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There is a prevailing attitude in sectors of the metal movement that a band cannot be "true" if they become sufficiently popular, a criticism which is often leveled at Dimmu Borgir. A half-cocked idea that somehow metal and success are mutually exclusive.
Nonsense, I say.
Dimmu Borgir were among the first bands that introduced me to extreme metal in the late '90s. Enthrone Darkness Triumphant was among the first CDs in my collection. The band was intriguing, and newly breaking through on the international underground scene. They presented a rare balance of power and grace, able to be driven by dual-guitars or at times driven by delicate neo-classical keyboard sections. The popularity of Dimmu Borgir is not a negative at all; it's a result of more than a decade of hard work and consistency. Even detractors have to admit their musical prowess, yet they illogically criticize the band's business manuevers as somehow "selling out." In all truthfulness, I can say that from observing the band for almost 10 years, they have not dumbed down anything about their music and every successive album has generally met or exceeded expectations. Not only have they survived the black metal movement, they've taken it to a higher level and redefined it.
There is much to be said for this epic-length collection of media. Altogether the music, videos, behind the scenes footage and special features clock in at a whopping 5 hours! It is also packaged very nicely with a big booklet and foldout cases for the DVDs. It's simply a delight to watch Dimmu Borgir up close and personal, performing their sinister craft. It may be easy for fans and casual listeners to underestimate this band as serious musicians, but they consistently deliver one flawless performance after another. Combining dark imagery with a symphonic/melodic assault to great effect, Dimmu had the crowds of over 75,000 (at Wacken) exploding with furor. Musically, the band offers the best of the black metal genre and on stage they blend together everything one could ask for: Melodic flourishes, relentless speedy riffs, multi-part harmonies, a "beauty and the beast" option vocally with the clean vocals of ICS Vortex. All this converges into a multi-pronged attack -- an extreme metal supergroup. A band with a literal arsenal at its disposal.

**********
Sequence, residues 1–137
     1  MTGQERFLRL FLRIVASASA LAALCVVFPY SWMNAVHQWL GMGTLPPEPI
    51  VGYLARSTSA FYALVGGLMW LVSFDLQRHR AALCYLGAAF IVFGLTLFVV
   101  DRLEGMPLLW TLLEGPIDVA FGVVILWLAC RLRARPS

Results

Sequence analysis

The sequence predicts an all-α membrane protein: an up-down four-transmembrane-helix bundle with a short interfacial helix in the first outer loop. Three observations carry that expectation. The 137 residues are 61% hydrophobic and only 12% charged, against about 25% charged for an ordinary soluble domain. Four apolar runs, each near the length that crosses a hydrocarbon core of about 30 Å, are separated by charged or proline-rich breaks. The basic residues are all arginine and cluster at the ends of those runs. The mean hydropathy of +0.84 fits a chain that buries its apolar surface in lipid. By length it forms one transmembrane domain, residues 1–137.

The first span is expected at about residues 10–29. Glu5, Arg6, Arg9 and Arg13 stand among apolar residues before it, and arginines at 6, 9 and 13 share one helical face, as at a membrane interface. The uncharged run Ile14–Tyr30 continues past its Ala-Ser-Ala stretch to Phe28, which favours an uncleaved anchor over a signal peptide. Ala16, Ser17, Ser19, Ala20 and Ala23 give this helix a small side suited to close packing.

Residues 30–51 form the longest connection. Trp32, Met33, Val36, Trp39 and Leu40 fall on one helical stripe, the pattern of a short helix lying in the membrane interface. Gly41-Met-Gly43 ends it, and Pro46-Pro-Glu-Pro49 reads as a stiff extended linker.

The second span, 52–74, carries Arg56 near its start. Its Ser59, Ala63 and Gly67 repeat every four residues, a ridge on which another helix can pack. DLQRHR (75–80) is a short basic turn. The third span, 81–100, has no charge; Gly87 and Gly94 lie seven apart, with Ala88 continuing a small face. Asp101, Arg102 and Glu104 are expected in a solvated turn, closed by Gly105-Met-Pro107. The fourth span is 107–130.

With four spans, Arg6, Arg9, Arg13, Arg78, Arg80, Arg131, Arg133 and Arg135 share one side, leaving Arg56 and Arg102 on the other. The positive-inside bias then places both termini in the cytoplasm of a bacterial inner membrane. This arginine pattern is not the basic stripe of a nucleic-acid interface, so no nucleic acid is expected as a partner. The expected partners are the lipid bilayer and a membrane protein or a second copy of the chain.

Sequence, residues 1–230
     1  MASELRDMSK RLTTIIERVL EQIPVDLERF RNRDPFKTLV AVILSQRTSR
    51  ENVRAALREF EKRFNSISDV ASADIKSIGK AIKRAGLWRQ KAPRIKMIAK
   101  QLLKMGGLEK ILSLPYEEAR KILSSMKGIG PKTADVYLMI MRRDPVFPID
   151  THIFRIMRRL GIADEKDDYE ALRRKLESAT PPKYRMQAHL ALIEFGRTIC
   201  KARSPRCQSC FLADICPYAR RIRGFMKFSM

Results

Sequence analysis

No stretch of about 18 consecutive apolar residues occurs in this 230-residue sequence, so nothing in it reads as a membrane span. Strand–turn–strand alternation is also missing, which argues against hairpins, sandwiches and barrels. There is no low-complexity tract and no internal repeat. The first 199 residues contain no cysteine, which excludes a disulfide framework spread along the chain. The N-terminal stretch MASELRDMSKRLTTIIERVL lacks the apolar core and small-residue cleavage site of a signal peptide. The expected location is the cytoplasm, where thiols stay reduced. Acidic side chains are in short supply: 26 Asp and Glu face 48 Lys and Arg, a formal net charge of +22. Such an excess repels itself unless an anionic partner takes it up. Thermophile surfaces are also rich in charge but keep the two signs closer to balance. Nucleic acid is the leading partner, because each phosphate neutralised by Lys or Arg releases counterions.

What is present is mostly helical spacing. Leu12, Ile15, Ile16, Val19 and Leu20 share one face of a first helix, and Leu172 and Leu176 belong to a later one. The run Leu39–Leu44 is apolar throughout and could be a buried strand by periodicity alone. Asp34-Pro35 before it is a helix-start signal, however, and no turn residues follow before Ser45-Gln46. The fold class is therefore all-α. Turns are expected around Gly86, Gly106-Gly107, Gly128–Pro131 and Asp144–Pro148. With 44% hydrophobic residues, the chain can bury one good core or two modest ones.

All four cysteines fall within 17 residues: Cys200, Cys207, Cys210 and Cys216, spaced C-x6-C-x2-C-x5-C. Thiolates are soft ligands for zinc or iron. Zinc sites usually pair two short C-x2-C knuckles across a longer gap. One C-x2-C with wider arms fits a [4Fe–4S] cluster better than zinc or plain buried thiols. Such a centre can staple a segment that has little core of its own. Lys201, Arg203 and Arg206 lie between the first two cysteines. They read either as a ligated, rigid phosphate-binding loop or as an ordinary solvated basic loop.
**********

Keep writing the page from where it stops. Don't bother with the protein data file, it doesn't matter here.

In the music you will hear remarkable diversity -- this is due to the fact that Dimmu Borgir doesn't have just one songwriter. In fact, almost every band member participates in this duty. Additionally, several of the older Enthrone Darkness Triumphant-era songs were composed by Stian Aarstad, no longer a member. So you will surely hear many different ideas in the songs that have originated from several different composers. The aesthetic side of Dimmu Borgir is rightly a separate and fascinating entity unto itself. And that's a big reason why they do so well on DVD. The image and sound go together nicely. With the band's sizeable budget, they are able to spare no expense on an explosive stage show. Six of the band's most recent music videos (including 3 from In Sorte Diaboli alone!) can be found on DVD #2, which is a nice feature to have and a great way to scare your friends.
There is nearly an hour of behind the scenes material alone. It isn't always the most entertaining to watch, but occasionally you will get a chuckle out of the band goofing around while on the road or hear a funny story from a crew member. The live CD is also worth hearing, featuring 12 tracks from the P3 Sessions. Overall, this new release represents the peak of Dimmu Borgir's successes. If you're a fan of the band or even a collector, you really need to get this 5 hours of material that you won't soon forget.